• Capitalism Is Bad: The primary theme of the movie is how people can become commodities under capitalism. Jupiter and Vlady enter into a scheme to sell Jupiter's eggs for money (despite the eggs being Jupiter's, Vlady gets a bigger cut of the fundsnote ), space society apparently runs on lab-grown slave labor, and all of Earth's population — everything humans have ever accomplished — is rendered completely meaningless to the Abrasax family, who use them as an interchangeable resource with as much significance as we might a herd of cattle.
  • Casting Gag: Mila Kunis, a Ukrainian woman, as a Russian immigrant, which is doubly darkly hilarious due to the quasi-war between the two states. Her family though are Russian-speaking Jews, making it a bit more complicated (Jews are considered a separate ethnicity in both countries).
  • Changeling Fantasy: Jupiter Jones is the genetic reincarnation of the Queen of the Universe. Three factions want her: the Queen's elder son, who wants to kill her so she can't reclaim the inheritance he received, the Queen's younger son who wants to marry (and then kill) her so he can steal the inheritance, and another group trying to protect her.
  • Chekhov's Gun: Several. Most notable are the word "harvest" (used to describe Jupiter's egg donation and the process of collecting humans), and Caine's portal gun which he uses to kill Greeghan.
  • Chewing the Scenery: While everyone is having some fun with the script, nobody is chewing more scenery than Eddie Redmayne. Most of the time, he speaks in a hoarse whisper ... until things start going downhill, and then he breaks out the shouting.
    Balem: I CREATE LIFE!!!!!
    [Jupiter barely reacts]
    Balem: ...And I destroy it.
  • City Planet: Ourus. It has two artificial rings surrounding the planet and structures so tall they stretch above the planet's atmosphere, and the entire thing is described as an "overpopulated cesspool." The usual problems with the trope (such as the lack of farmland and population size) can be explained by their extensive space empires and virtual immortality.
  • Collapsing Lair: The headquarters of Balem's corporation, located on Jupiter, begins to be demolished because the "grav-hull [was] ruptured" and "[t]he gas was reacting to the stockworks," because Caine's vessel had punctured the barrier around the planet and crashed into several structures. Maybe it was a bad idea to establish a base of operations on a planet so naturally hostile to life and machinery alike.
  • Cool, but Inefficient: The Warhammers, Titus Abrasax' ship's first line of defense against attacking fighter craft, consists of banks of giant cannons that launch barrages of non-explosive, moderately mobile Space Mines in tight patterns. These things can do nothing but try and ram their target, so the whole weapon system proves as ineffective as it sounds despite looking pretty damn cool. Most tellingly, Caine and Stinger make it through the Warhammer blockade entirely unscathed and only start taking damage once Titus' ship's regular point defence cannons open fire.
  • Cool Plane: The maneuverable, adjustable, submersible one-person fighter craft of the film outdo many of the space fighters out there.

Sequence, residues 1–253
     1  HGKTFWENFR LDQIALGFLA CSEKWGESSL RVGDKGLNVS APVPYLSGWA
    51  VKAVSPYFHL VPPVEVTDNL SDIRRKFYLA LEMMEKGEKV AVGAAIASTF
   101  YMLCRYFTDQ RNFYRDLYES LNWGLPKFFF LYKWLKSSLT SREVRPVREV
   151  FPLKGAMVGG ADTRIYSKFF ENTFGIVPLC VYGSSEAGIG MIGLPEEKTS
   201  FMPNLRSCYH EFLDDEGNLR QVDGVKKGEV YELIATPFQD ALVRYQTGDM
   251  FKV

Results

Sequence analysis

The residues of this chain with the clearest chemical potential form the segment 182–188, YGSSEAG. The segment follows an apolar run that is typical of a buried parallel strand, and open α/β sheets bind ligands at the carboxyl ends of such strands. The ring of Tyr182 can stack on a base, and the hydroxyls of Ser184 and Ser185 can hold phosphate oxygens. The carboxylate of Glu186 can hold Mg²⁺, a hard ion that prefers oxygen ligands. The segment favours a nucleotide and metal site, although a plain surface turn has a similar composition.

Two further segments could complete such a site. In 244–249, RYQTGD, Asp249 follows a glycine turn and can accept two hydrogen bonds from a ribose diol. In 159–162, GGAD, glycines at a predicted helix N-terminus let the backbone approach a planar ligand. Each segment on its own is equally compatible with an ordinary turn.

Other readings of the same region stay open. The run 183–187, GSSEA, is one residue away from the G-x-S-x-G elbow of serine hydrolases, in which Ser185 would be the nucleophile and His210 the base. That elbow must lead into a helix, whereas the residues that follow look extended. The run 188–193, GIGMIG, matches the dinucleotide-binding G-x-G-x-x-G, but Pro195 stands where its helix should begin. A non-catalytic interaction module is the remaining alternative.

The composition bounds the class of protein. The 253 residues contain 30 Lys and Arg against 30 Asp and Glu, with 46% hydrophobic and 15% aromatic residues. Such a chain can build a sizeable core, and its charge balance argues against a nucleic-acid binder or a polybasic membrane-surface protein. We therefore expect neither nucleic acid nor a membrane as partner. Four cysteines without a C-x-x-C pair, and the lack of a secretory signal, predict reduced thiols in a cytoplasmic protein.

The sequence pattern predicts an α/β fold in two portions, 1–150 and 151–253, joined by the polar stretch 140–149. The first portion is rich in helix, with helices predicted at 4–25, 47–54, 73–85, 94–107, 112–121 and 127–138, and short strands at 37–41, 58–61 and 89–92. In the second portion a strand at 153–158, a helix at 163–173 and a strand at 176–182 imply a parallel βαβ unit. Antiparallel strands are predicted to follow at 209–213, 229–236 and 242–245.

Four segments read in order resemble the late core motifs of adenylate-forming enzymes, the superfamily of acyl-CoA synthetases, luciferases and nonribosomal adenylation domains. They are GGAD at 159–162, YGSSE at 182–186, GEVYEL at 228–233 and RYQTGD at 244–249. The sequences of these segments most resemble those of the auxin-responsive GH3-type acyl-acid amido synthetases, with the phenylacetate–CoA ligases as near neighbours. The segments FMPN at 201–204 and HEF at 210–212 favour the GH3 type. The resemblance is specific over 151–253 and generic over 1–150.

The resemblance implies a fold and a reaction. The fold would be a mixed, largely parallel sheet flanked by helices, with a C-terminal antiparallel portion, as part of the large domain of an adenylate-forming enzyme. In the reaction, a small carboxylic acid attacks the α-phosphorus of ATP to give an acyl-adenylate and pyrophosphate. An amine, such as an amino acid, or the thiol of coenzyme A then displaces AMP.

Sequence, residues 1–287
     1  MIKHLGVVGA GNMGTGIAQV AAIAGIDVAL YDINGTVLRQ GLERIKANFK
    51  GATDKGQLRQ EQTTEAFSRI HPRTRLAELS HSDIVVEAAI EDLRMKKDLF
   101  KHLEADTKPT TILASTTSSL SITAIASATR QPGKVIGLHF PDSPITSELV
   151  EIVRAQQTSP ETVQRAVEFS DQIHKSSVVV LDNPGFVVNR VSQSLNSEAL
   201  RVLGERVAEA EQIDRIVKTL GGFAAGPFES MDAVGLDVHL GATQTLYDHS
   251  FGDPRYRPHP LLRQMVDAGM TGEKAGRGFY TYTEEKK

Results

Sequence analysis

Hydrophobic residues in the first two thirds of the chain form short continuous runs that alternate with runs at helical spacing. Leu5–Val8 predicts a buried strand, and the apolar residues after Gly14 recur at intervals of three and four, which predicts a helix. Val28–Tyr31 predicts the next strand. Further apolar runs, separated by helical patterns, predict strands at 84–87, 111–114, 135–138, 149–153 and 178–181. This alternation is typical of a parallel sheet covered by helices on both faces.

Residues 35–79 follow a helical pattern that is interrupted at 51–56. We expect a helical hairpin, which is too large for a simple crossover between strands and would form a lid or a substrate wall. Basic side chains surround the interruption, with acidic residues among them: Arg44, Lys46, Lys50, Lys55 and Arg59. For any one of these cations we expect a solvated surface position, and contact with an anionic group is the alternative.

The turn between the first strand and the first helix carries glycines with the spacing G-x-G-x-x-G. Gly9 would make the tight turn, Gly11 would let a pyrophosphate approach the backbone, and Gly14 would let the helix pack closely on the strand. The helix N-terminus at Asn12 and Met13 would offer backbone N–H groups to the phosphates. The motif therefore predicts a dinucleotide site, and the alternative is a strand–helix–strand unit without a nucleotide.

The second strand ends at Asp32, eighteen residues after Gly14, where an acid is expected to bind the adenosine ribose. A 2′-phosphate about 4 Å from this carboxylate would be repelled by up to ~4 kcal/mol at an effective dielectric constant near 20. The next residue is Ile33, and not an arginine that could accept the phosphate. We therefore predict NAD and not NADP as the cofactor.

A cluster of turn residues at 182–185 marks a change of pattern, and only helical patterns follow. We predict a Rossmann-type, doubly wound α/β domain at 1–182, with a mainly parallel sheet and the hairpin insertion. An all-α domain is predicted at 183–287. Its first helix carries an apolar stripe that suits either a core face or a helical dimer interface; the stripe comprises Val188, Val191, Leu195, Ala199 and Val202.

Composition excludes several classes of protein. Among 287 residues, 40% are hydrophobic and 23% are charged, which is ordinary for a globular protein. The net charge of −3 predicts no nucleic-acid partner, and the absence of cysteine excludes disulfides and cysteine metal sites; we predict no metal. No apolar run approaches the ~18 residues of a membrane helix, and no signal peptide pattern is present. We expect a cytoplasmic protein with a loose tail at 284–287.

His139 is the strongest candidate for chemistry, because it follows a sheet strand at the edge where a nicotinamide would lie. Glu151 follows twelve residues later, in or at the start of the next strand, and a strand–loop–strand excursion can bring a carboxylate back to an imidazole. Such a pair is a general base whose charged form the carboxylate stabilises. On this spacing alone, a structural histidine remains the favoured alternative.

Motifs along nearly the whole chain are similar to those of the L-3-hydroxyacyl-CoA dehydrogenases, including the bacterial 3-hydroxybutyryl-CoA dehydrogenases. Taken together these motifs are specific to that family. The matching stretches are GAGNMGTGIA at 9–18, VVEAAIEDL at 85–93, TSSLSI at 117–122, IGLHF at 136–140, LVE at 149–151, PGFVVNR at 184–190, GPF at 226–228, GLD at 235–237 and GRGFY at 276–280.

• Cool Starship: Both the functional, cool-looking Aegis and the over-the-top elaborate personal ships of the Abrasax family.
  • Cool Versus Awesome: At least one fight scene is human-wolf hybrid Caine fighting a group of space dragon soldiers.
  • Costume Porn
    • Jupiter's silver, white, and red gown with matching headdress. It's her wedding dress.
    • Likewise, Kalique's own dresses and gowns fit this trope too.
    • The shoes! Jupiter especially ends up in some fantastic heels, some of which even Mila Kunis is visibly uncomfortable and/or struggling in.
  • Cryptic Background Reference: While the film is actually pretty good at world-building with background references and a surprisingly interesting universe, one reference in particular feels cryptic. Caine, the part-wolf part-human super soldier, is said to have ripped the throat out of an Entitled, yet he doesn't remember the incident taking place and apparently was informed of its occurrence by his mentor, Stinger. The only indication that it actually happened is that he was court-martialed for the crime, and is no longer a skyjacker. Who the Entitled was, the reasons for it occurring, and why Caine is said to have done it in a fit of rage when we never see him acting out of rage at any point in the movie, is never expanded upon.
    • However, Balem’s raspy voice and ornate collars hint it was him- and according to Eddie Redmayne, he had his larynx ripped out by a Lycantant, so unless that happened twice, it’s safe to assume it was him. Given Balem’s delightful personality, it’s not hard to imagine why Caine did it.
  • Deliberate Values Dissonance: The galactic community has a very different outlook to Earth. Most notably, it's a major plot point that they see genetics as the sum total of identity - thus, if you are genetically identical to a dead person, then you are considered to be that person reborn. Jupiter eventually decides that she doesn't buy it.
  • Didn't See That Coming: Balem didn't think anyone would be crazy enough to enter the stockworks by breaching the grav-hull protecting the place from violently exploding.
  • Disappeared Dad: Max Jones is murdered before the birth of his daughter Jupiter. No mention is made of the Abrasax siblings' father (or fathers?) though.
  • Disney Villain Death: Balem falls to his doom from a collapsing platform.